Starsky went into the living room and sat on the couch, staring at the dark TV screen. Going to bed would mean lying there without Hutch. Staying up all night would mean he'd be in no shape to hit the streets in the morning. He turned on the television and stretched out on the couch, pulling the blanket off the back of it and snuggling under it. There was some late-night talk show on, and that was good enough. Anything to dispel the silence of the empty apartment...
Hutch turned over for the third time in as many minutes and looked at the clock. He'd slept without Starsky since they'd become lovers, but rarely. And never because they'd had a fight that was too serious for them to still sleep together. Finally giving up on sleep, he got up and went into the kitchen, found a clean glass and filled it with milk. He contemplated beer, but since he'd already had a couple earlier, he figured enough was enough. He ran his hand absently over his mid-section, wondering if a few too many beers were contributing to the slightly softer feel of things in that area.
He walked out into the greenhouse and sat on the bench, sipping his milk. He felt that same sense of betrayal he'd felt when he found that Starsky had hidden a whole dimension of his childhood from him. At least that he could attribute to some misguided sense of family loyalty that kept Starsky silent--the same way so many abuse victims stayed silent. But this...this was about him. It was Hutch's lady who was dead, Hutch's lady who was offered a cash payoff like any cheap whore to get out of town. Part of him wondered if Starsky wanted her to go. Maybe the money wasn't just a test of character. Maybe he didn't feel she was worthy of his partner.
Hutch sighed, leaning back on the bench. That wasn't fair, and he knew it. Starsky loved him as much then as he did now, but he wasn't planning marriage and mortgage with Hutch back then. They were best friends, would-die-for-each-other partners. But not lovers. What Starsky did about Gillian, he did for Hutch.
But when is love too stifling? How much of your life do you let someone you love run for you? Is it okay for them to just step in without so much as giving you a passing consultation and do something that drastically changes your life forever?
Would Gillian still be alive if Starsky had come to me first and not confronted her? And if the money really wasn't that big a deal in Starsky's mind, why hide it all these years?
Why hide anything at all? Why did Starsky keep certain things to himself even when they were supposedly telling each other everything? And, most of all, if he's kept his childhood cloaked in secrecy, and sat on this secret all this time, what else has he got in his Pandora's Box that I haven't been told?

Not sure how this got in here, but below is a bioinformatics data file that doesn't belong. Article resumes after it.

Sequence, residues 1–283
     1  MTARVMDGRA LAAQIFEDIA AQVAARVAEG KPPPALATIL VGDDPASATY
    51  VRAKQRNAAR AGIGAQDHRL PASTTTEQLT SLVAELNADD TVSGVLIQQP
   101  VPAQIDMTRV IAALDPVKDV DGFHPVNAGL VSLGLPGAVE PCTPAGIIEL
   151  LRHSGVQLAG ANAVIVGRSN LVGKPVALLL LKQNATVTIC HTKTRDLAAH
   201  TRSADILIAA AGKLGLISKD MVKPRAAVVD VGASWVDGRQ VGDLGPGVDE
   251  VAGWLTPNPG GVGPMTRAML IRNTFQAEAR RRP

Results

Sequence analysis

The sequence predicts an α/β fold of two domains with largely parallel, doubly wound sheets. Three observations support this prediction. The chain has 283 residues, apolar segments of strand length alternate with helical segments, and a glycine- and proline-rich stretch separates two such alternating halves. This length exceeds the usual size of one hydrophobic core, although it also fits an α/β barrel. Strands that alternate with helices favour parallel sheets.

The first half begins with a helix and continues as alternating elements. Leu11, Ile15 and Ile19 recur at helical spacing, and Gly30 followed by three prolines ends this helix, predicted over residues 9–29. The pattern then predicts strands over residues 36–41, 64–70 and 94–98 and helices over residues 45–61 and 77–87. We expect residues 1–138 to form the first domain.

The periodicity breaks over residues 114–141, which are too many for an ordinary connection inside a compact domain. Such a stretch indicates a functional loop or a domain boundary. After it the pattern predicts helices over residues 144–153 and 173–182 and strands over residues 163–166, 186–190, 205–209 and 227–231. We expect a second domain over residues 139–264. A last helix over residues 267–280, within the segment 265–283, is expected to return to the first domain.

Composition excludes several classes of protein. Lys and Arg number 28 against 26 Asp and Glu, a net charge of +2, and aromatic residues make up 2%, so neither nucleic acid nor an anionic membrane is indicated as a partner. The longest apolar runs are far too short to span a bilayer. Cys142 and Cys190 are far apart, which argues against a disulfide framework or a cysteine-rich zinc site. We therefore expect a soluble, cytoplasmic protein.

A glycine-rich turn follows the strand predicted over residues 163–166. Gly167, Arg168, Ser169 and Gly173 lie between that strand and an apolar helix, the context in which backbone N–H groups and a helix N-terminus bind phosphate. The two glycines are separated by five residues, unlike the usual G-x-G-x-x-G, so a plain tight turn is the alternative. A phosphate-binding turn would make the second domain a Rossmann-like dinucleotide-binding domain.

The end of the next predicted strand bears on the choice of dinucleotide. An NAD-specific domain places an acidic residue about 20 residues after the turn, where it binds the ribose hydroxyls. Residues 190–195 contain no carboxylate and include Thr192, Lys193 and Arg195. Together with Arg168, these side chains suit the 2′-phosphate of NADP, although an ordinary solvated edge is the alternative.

With the milk gone and no solution at hand, Hutch left his dirty glass in the sink and went back to bed. Sleep, and the answers to his questions, continued to elude him until it was time to get ready for work.
Hutch was outside Starsky's apartment at the appointed time, and gave the horn two sharp honks. He hadn't summoned Starsky that way since early in their first year as partners. Normally, he just parked the car and went in after his partner, who was almost always running around frantically to make it out the door on time. Starsky's greatest love affair was not with Hutch, but with his snooze alarm.
Drumming on the wheel, Hutch waited five minutes, and when there was no sign of Starsky, he gave the horn another angry punch. He was functioning on almost no sleep, and he was in no mood to rush into work late because Starsky couldn't move his ass out the door on time. He rubbed his tired eyes, and when he completed the gesture, Starsky was just coming out his front door and down the steps. He moved slowly and lethargically, as if he were tired in both body and spirit.
"'Mornin'," he mumbled, sliding into the passenger seat and closing the door. "You could'a come up."
"We're running late," Hutch retorted flatly, driving toward headquarters.
"Starsky, don't. Just let it be for a while."
"Sorry I was late. I fell asleep on the couch about five o'clock, and the alarm's in the bedroom..." He let the sentence trail off unfinished. After a brief silence, he asked, "How long before we can talk about this?"
"It doesn't work that way. I can't give you a date and time when I want to deal with this. I said I needed space, and I meant it. Just let it lie."
"Are you sleepin' at your place again tonight?"
"If I don't say anything about this, can we just--"
"Can we just what? Sleep together? Fuck each other and forget it?" Hutch snapped back.
"This feels too much like breaking up, Hutch." Starsky let a long silence follow that statement. "It scares the hell outta me, and I don't like it."
"I'm not crazy about it either. But you can't solve every issue in a relationship by crawling into the sack together."
"If we were married and I was a woman, would you be sleepin' at the Y over this? Or is it easier to walk out on me because we're not married, and we're never gonna be, no matter how much we might wanna be?"